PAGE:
CC BY-NC-ND 4.0 · Rev Bras Ginecol Obstet 2016; 38(12): 583-584
DOI: 10.1055/s-0036-1593411
Thieme Publicações Ltda Rio de Janeiro, Brazil

Zika Virus Outbreak and the Poor Brazilian Family Planning Program

A epidemia de Zika e a insuficiência do programa de planejamento familiar no Brasil
Milena Bastos Brito
1  Escola Bahiana de Medicina e Saúde Pública, Salvador, BA, Brazil
Ian S. Fraser
2  University of New South Wales, School of Women's and Children's Health and Royal Hospital for Women, Sydney, Australia
› Author Affiliations
Further Information

Publication History

Publication Date:
14 October 2016 (online)

The National Family Planning Policy was created in Brazil in 2007. It includes offering eight free contraceptive methods (intrauterine device [IUD] with copper, progestogen-only pill, combined pill, monthly injectable, depot medroxyprogesterone, diaphragm, male and female condoms) and also some other oral and injectable contraceptives at reduced prices at “popular” pharmacies. In the last decades, modern contraceptive methods have been developed, such as levonorgestrel intrauterine system (IUS) and subdermal implants, but these are not accessible to the majority of the Brazilian population because they are not available (for free or at a low cost) in the national health system.[1]

In 2015, a microcephaly outbreak began among Brazilian newborns, probably associated with the Zika virus. Brazilian authorities estimate that ∼ 1,5 million cases of Zika infection have occurred since the outbreak began, with almost 1,300 cases of microcephaly subsequent to prenatal infection during pregnancy.[2] Although initially concentrated in the Northeast of Brazil, the virus has spread throughout South America, the Caribbean and Puerto Rico. A published case series[3] of 1,511 live newborn infants with suspected Zika virus infection occurred during pregnancy showed a sensitivity of 83% for microcephaly for diagnostic detection. However there are Publications that Added additional clinical characteristics, including severe intracranial calcifications, severe cortical malformations, ventriculomegaly, cerebellar hypoplasia, and abnormal hypodensity of the white matter, but with normal head circumference, creating a necessary expansion of the concept to become congenital Zika virus syndrome.[4]

In times of Zika virus outbreak and its fetal/neonatal effects, the World Health Organization underlined the importance of affected countries to offer universal access to family planning services. Margaret Chan, Director-General of the World Health Organization, said “Latin America and the Caribbean have the highest proportion of unwanted pregnancies in the world. In addition, these countries have high rates of sexual violence, and restrictions on the use of emergency contraception and safe abortion prohibited by law.” Therefore, the recommendation of health authorities for women residing in these regions to postpone pregnancy for 1–2 years is unlikely to be achieved.[5]

The Centers for Disease Control and Prevention (CDC) recommend that people residing in areas with current active Zika virus transmission might seriously consider delaying their next pregnancy and, that women who have confirmed Zika virus disease should wait at least 8 weeks after symptom onset before attempting conception. Men with Zika virus disease should wait at least 6 months after symptom onset before attempting conception. Women and men with possible exposure to Zika virus, but without clinical illness consistent with Zika virus disease should wait at least 8 weeks after exposure before attempting conception. Health care providers should discuss strategies to prevent unintended pregnancy, including use of the most effective contraceptive methods.[6]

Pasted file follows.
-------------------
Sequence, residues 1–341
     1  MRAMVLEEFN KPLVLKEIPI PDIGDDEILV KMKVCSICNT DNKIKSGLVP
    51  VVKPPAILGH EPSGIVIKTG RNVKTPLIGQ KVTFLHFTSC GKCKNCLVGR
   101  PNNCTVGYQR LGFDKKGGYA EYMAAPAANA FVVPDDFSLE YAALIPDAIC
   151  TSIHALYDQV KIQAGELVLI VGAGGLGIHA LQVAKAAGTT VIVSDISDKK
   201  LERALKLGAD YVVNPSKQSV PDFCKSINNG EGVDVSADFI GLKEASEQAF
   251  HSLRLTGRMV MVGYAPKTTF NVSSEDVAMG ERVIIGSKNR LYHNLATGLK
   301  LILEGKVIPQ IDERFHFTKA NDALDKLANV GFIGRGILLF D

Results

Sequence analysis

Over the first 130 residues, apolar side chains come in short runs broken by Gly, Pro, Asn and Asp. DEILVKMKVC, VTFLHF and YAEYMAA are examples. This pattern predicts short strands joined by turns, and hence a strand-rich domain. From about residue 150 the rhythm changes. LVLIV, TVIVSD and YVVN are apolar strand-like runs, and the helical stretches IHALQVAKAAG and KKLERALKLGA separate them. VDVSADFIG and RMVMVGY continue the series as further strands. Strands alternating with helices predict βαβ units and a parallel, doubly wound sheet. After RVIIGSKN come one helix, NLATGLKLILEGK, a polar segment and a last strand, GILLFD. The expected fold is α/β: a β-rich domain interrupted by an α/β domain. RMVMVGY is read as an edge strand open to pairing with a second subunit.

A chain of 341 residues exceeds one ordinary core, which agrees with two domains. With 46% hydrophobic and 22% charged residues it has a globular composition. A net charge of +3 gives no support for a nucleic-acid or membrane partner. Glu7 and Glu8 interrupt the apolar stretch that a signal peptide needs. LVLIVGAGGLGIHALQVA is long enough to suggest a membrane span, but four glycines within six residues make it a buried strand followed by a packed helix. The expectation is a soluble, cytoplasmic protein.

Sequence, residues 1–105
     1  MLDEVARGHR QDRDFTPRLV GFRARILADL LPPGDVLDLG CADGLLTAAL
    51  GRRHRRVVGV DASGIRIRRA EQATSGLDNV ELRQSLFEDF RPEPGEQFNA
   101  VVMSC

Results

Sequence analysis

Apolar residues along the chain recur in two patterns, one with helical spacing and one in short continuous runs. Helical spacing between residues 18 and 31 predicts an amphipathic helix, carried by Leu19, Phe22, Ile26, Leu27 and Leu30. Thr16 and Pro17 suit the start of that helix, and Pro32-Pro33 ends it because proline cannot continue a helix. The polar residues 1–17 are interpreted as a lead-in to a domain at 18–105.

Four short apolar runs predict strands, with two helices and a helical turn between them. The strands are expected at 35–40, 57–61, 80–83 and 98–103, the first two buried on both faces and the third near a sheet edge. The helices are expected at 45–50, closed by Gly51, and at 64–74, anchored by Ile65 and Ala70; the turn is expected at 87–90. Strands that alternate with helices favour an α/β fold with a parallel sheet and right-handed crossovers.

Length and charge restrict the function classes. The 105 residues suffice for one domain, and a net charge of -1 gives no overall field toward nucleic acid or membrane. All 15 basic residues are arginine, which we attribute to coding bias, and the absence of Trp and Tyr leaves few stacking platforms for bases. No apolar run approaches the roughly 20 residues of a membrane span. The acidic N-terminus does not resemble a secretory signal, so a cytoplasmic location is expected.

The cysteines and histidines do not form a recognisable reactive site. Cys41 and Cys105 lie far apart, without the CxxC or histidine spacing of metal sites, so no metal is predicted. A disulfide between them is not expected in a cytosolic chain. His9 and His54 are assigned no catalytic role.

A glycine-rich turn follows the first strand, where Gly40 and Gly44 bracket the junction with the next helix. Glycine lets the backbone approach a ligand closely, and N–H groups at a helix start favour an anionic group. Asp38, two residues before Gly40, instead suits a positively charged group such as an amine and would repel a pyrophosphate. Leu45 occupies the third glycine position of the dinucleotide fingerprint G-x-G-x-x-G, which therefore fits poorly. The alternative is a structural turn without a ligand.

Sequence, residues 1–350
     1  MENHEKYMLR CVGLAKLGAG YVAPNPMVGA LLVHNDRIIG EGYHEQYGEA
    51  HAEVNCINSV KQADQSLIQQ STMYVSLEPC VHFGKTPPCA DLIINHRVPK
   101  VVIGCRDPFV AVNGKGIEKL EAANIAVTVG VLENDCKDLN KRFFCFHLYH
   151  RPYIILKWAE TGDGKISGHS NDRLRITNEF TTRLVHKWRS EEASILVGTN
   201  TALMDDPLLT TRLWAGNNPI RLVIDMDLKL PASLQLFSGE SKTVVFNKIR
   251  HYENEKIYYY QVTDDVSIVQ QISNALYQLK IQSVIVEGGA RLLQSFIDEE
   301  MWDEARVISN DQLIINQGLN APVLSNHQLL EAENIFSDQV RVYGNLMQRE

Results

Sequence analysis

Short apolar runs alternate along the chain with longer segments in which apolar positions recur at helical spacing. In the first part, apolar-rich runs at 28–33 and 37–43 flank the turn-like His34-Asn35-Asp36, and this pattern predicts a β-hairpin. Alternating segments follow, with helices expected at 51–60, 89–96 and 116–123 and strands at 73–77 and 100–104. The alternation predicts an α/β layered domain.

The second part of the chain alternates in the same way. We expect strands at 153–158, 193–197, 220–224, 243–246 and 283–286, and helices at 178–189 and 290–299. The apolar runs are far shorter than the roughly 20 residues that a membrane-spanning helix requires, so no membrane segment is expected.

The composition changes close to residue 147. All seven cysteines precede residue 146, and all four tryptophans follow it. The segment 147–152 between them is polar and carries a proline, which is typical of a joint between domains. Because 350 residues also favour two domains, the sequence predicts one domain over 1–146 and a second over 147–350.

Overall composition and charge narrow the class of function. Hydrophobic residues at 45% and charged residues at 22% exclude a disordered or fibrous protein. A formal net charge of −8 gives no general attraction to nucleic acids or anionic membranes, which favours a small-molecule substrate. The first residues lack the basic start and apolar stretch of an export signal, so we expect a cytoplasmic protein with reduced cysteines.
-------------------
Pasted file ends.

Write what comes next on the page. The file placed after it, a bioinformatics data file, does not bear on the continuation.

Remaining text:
The most cost-effective contraceptive methods are the long acting reversible ones, such as implants, IUD and IUS, because they are not user-dependent, have high rates of satisfaction and have very low failure rates (less than 1% versus around 9% in oral contraceptive pill users).[7] [8] In Brazil, only the IUD with cooper is available to the population at no charge, but it is still seldom used. In 2014, the Federação Brasileira das Associações de Ginecologia e Obstetrícia (FEBRASGO) presented a proposal to the Brazilian Ministry of Health for the inclusion of the levonorgestrel IUS and the etonogestrel implant for teenagers, but the proposal was rejected on the grounds of high cost. The Brazilian Government would pay around US$ 50 per implant (lasting up to 3 years) or levonorgestrel IUS (lasting up to 5 years).[9] Undoubtedly, the Brazilian government is paying much more to treat the consequences of the Zika virus syndrome.

The CDC undertook a study on Puerto Rico's contraceptive needs. The authors concluded that local health policies were needed to ensure open access to effective contraception for women who desire to avoid pregnancy during the Zika outbreak in Puerto Rico and other affected areas. An increase of reimbursements and a reduction in costs for contraceptive services would support access. Efforts to increase opportunities and education concerning long acting reversible contraceptive method access are urgently needed.[10] The rates of unplanned pregnancy in Brazil are similar to those of Puerto Rico, making these data and recommendations highly relevant also in Brazil.

The Zika virus outbreak has highlighted the poor quality of the national family planning programs in Brazil and others Latin American countries. The majority of the Brazilian women who are at risk for unplanned pregnancies live in areas with a high prevalence of the Zika virus. Therefore, in order to decrease adverse pregnancy and birth outcomes associated with Zika virus disease during pregnancy, crucial improvements need to be made in providing full access for all women in the reproductive years to family planning services and to long acting reversible contraceptive methods.[11]